Sunday, April 27, 2014

Tsunamis and Other Natural Disasters (A Nonfiction Companion to High Tide in Hawaii)

Author:  Mary Pope Osborne
Natalie Pope Boyce
Illustrator:  Sal Murdocca
Published:  2007
My students love Magic Tree House books.  I used to read them to my children when they were younger and they loved the books too.  Perhaps it is because I've read so many of them and have read the same ones multiple times that I find it amazing that my children search these books out in my class library. 

I decided to take a look at an informational one that I have in my class library, but I have not taken the time to read it before.  The first thing that I notice is the cover.  I find the blue and green colors soothing even though the topic is of something I hope to never experience, a tsunami.

Right off the bat, I liked this book.  We are introduced to Tilly Smith, a student who is on vacation with her family in Indonesia right before the tsunami that hit there in 2004.  Tilly remembered what her teacher had taught her about tsunamis and she ran along the beach warning people.  She saved many lives thanks to the information she learned in school!  Education that had a real-world application!  I love it!

The next part of the book reminds me of 5th grade science.  I
Chang Hen's Urn
During an earthquake a ball would fall into a frog's mouth. 
The more balls that fall in, the greater the earthquake.
could see 5th graders using this as a tool to learn about plate tectonics and earthquakes.  Scientific vocabulary is also throughout the book and explained in a way a student would understand.  Learning about science and history in books is more fun when you learn extra information too.  I learned that there are earthquakes (moonquakes) on the moon and that in ancient China a man had invented an urn that would help determine when, where, and the strength of an earthquake.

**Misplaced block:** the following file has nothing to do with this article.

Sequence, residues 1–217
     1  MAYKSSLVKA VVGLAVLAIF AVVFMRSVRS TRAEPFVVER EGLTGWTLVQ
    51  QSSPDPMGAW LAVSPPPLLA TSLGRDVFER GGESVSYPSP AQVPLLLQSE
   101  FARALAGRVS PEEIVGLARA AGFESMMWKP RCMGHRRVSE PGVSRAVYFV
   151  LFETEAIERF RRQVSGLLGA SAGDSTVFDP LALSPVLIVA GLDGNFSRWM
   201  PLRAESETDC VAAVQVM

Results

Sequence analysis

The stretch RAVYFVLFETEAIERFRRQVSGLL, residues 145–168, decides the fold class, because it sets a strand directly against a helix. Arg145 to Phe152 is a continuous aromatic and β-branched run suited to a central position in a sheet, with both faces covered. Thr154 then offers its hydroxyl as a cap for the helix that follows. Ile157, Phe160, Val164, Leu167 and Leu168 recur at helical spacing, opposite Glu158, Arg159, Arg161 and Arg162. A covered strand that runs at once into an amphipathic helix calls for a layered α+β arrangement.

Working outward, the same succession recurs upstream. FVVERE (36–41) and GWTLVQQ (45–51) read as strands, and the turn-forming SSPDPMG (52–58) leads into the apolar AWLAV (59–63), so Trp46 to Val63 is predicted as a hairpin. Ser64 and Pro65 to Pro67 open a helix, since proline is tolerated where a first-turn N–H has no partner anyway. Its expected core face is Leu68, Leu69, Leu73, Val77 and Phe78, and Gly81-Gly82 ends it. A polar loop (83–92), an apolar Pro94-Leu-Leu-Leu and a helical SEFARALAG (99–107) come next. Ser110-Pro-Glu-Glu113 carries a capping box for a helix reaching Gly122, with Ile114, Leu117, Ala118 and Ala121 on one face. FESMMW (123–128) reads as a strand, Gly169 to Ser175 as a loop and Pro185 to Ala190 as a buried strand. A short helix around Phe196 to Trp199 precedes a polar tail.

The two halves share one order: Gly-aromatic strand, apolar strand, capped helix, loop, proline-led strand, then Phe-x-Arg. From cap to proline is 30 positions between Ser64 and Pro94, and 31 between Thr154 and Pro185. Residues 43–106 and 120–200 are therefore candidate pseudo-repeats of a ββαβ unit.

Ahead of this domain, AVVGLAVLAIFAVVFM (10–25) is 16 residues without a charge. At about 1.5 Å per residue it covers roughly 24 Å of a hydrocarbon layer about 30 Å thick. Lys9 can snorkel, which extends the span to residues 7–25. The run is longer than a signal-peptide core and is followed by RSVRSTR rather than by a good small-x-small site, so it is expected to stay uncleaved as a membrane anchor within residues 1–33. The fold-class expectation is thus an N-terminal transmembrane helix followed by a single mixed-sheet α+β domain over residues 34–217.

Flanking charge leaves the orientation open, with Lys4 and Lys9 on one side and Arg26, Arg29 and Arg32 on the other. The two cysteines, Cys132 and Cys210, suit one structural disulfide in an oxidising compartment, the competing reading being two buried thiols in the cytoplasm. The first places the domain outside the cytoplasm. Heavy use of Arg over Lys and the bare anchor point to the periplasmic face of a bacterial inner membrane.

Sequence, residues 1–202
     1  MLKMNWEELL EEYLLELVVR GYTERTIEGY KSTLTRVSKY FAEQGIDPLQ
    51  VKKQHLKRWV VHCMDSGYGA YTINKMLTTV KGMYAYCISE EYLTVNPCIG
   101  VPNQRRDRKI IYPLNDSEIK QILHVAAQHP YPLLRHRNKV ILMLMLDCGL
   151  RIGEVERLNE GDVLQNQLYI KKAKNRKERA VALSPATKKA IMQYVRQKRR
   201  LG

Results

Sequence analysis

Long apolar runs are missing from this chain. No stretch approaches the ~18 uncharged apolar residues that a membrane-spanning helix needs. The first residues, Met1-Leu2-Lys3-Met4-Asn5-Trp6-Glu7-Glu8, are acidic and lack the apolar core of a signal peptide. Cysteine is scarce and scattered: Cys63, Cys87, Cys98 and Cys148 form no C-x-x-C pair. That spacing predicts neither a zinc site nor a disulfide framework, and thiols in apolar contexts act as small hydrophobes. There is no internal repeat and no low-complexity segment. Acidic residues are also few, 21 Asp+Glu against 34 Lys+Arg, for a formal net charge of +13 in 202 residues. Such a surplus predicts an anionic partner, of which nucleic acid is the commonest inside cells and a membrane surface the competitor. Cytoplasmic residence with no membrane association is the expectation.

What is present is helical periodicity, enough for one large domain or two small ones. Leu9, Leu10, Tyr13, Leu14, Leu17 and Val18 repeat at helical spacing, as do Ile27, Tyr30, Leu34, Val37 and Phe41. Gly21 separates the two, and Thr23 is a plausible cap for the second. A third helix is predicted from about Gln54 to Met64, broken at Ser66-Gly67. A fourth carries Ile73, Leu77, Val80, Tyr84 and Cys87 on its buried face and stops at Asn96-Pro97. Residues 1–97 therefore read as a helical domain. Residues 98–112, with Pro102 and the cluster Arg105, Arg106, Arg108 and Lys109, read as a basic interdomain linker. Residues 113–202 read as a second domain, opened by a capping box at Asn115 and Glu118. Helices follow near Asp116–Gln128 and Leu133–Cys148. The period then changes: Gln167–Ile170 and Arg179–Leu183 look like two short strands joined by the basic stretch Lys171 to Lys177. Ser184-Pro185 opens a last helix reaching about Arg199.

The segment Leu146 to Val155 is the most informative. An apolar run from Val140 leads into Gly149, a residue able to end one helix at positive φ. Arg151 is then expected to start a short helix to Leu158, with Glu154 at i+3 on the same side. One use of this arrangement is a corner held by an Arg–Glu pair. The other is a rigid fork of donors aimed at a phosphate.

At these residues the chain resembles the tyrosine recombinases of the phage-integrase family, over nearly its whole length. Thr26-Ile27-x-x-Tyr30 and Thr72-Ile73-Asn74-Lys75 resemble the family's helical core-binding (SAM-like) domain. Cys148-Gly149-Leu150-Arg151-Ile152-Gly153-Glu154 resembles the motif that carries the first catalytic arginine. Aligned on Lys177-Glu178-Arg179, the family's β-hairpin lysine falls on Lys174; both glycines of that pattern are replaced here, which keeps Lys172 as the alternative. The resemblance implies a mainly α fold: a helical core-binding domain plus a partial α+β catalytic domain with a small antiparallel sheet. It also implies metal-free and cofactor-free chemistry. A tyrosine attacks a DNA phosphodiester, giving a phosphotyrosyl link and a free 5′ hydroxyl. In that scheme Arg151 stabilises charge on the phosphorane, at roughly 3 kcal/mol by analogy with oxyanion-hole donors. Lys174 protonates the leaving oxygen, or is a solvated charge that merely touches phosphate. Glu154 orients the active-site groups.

The true stories about survivors of the tsunamis are exciting and surprising.  I wonder as I read if I could survive like the woman who was found 4 days after the tsunami, clinging to a palm tree, hundreds of miles from shore. 

Visiting Yellowstone Park is something I really want to do.  There is a giant volcano under the park, that is what causes the geysers that I long to see.  The only thing is scientists predict there will be another eruption.  I don't want to be there when it does!

Showing children experiencing these disasters and as heroes makes the book interesting.  I think that I can understand the interest in the Magic Tree House nonfiction books.  There are also additional resources for children who find that they want to learn more.  A timeline of major disasters is included, books, parks, and websites with additional information for children are included as well.

Internet Resources listed in the back of the book:

Check this book out from the library.
Read about Mary Pope Osborne

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